JAMAICA - Members of the Veterinary Services Division in the Ministry of Agriculture and Fisheries are to embark on a bird-trapping expedition with officers from the National Environment and Planning Agency (NEPA), to test for the highly contagious virus which causes avian influenza.The Gleaner Details Emerge of Avian Flu Outbreak in Kansas Backyard Flock
KANSAS, US - The earlier outbreak of highly pathogenic H5N2 avian flu in a backyard flock of chickens and ducks in Leavenworth County, Kansas started on 5 March. Of the 21 birds in the flock, eight died and 13 were destroyed. They had had contact with wild ducks.OIE
(aka bird flu, avian flu) is caused by a type of influenza virus that is hosted by birds, but may infect several species of mammals. It was first identified in Italy in the early 1900s and is now known to exist worldwide. A strain of the H5N1-type of avian influenza virus that emerged in 1997 has been identified as the most likely source of a future influenza pandemic.
Strains of avian influenza virus may infect various types of animals, including birds, pigs, horses, seals, whales and humans. However, wild fowl act as natural asymptomatic carriers, spreading it to more susceptible domestic stocks. Avian influenza virus spreads in the air and in manure and there is no evidence that the virus can survive in well cooked meat.
How to Recognise Avian Influenza
What to look for
- Ruffled feathers
- Soft-shelled eggs
- Depression and droopiness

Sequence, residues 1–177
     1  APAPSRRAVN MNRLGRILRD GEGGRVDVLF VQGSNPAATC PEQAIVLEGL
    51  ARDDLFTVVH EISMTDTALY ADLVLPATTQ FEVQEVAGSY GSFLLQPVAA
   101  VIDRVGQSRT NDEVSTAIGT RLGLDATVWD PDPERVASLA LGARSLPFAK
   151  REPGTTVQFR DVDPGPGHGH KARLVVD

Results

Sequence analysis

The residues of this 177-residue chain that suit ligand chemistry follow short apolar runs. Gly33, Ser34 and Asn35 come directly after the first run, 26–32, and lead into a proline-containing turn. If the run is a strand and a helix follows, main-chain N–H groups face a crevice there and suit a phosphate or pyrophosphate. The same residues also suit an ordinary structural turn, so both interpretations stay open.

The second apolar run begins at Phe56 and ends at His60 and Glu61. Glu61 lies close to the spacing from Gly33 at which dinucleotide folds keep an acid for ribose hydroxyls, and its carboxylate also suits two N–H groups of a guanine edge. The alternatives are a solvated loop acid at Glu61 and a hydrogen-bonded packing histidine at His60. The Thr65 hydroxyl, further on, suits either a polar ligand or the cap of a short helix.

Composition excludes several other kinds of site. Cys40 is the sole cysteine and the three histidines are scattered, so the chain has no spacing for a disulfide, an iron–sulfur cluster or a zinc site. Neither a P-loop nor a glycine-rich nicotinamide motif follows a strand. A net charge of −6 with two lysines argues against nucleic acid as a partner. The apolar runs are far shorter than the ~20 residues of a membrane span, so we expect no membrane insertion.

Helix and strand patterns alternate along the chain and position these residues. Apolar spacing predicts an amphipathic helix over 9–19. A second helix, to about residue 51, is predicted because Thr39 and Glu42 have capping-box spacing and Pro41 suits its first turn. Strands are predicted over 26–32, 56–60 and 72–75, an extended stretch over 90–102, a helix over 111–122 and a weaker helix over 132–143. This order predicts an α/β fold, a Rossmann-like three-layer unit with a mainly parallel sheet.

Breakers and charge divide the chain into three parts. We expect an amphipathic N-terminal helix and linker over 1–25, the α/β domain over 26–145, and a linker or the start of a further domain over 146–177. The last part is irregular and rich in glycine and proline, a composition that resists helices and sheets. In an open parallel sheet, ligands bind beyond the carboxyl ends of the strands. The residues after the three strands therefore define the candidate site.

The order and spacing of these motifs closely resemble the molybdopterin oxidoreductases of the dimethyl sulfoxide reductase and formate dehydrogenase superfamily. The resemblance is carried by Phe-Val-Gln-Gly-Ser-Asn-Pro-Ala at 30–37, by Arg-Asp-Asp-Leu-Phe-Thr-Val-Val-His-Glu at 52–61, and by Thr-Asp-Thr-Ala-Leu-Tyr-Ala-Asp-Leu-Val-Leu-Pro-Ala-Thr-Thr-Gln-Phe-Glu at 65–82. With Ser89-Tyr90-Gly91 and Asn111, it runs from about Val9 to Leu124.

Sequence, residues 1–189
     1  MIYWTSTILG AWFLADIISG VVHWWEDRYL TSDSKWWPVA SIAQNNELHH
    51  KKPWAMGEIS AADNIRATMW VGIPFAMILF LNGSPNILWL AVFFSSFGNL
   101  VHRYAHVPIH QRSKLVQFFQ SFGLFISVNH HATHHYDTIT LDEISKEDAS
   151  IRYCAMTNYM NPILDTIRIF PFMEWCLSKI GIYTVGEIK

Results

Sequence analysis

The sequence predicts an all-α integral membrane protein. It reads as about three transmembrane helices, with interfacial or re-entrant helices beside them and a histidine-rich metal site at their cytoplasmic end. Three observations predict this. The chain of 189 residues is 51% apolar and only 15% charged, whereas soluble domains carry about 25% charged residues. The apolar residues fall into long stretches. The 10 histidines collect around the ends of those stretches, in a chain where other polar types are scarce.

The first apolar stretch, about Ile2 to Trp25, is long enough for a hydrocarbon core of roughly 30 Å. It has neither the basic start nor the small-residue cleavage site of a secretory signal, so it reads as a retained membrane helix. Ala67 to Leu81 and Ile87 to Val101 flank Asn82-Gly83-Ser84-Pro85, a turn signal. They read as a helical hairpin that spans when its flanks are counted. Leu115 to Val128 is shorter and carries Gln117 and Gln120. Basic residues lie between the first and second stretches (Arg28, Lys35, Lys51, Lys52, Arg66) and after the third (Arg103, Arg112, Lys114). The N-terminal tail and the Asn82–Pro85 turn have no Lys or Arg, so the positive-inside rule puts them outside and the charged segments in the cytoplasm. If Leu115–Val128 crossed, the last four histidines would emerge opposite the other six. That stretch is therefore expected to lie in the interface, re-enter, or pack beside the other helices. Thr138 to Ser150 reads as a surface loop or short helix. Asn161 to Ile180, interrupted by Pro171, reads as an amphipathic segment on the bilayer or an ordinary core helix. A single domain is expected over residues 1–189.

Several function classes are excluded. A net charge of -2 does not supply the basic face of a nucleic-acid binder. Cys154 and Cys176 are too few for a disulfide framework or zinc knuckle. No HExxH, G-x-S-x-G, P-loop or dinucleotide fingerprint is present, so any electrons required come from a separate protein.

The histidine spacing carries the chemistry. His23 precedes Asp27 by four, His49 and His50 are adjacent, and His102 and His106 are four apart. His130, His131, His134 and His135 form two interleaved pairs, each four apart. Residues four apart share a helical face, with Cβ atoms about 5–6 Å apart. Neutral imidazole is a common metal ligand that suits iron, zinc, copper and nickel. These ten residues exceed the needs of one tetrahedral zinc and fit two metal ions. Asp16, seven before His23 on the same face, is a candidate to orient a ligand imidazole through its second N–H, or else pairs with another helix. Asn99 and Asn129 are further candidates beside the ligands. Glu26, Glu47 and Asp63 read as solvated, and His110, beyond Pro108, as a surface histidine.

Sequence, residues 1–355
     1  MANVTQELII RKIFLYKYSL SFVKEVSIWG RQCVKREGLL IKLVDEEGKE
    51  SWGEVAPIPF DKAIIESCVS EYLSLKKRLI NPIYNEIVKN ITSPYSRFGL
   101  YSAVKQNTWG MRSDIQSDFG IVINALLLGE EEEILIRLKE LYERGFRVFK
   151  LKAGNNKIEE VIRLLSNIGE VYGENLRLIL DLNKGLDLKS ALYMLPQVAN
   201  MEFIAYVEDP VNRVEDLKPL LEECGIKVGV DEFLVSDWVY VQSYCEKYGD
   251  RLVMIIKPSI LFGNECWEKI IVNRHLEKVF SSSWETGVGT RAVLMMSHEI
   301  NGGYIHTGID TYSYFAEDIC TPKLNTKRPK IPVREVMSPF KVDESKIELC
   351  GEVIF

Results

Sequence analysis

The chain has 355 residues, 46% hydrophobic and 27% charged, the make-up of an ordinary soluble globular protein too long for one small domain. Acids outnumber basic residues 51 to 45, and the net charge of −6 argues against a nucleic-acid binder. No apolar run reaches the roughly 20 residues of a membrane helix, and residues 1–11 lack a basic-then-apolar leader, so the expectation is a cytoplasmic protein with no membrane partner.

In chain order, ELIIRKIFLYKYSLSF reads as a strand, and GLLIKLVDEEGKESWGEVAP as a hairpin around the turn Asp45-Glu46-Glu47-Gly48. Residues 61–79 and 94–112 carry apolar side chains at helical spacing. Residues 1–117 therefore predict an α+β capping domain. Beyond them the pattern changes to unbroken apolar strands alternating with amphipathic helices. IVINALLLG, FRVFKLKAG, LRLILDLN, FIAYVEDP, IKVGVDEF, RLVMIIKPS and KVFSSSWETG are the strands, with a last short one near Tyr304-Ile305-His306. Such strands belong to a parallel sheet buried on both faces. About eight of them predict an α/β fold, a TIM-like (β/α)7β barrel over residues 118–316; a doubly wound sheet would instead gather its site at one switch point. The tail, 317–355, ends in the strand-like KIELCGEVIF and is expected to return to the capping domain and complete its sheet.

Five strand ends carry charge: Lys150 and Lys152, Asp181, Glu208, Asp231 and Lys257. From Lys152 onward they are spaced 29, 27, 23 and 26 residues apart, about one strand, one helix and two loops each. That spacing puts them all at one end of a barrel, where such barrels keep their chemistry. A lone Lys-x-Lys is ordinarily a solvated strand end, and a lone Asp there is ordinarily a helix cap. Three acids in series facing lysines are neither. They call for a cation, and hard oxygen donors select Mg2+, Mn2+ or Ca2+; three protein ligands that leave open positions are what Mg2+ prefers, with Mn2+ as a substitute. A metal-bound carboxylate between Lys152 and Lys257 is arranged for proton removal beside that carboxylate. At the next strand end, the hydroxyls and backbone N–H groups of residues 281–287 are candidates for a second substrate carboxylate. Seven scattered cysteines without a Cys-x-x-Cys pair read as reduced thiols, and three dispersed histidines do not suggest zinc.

- Sudden drop in egg production
- Loss of appetite
- Cyanosis (purplish-blue coloring) of wattles and comb
- Edema and swelling of head, eyelids, comb, wattles, and hocks
- Green diarrhoea
- Blood-tinged discharge from nostrils
- Incoordination, including loss of ability to walk and stand
- Pin-point hemorrhages (most easily seen on the feet and shanks)
- Respiratory distress
- Increased death losses in a flock
- Sudden death
- Nasal discharges
For more detail in avian influenza in poultry click here
Poultry Vaccination as a strategy for controlling AI in commercial birds
Outbreaks of avian influenza in the poultry industry cause devastating economic losses and is generally controlled through extensive culling of infected birds. Alternative strategies also use vaccination as a supplementary control measure during avian influenza outbreaks.
Advantages of Vaccination
For more information on poultry vaccination see:
- Vaccination reduces susceptibility to infection.
- A higher dose of virus is necessary to infect the vaccinated birds.
- Vaccinated birds shed less virus.
- Decreased contamination of the environment.
- Decreased risk of human infection
- Used strategically vaccination compliments a stamping out strategy by slowing/stopping the spread of the virus
Avian Influenza (Fowl Plague) is a potentially devastating disease, predominantly of chickens and turkeys, although the virus can also affect game birds (pheasants, partridge and quail), ratites (ostrich and emu), psittacine and passerine birds.
Avian Influenza is caused by an orthomyxovirus, or influenza virus and can survive for considerable lengths of time outside of the host and birds are infected through contact with other birds, mechanical vectors such as vehicles and equipment and personnel travelling between farms, markets and abattoirs.
Precautionary requirements include cleaning and disinfection of premises and the establishment of a Biosecurity barrier to help prevent spread of disease is essential.
For more information on biosecurity see the links below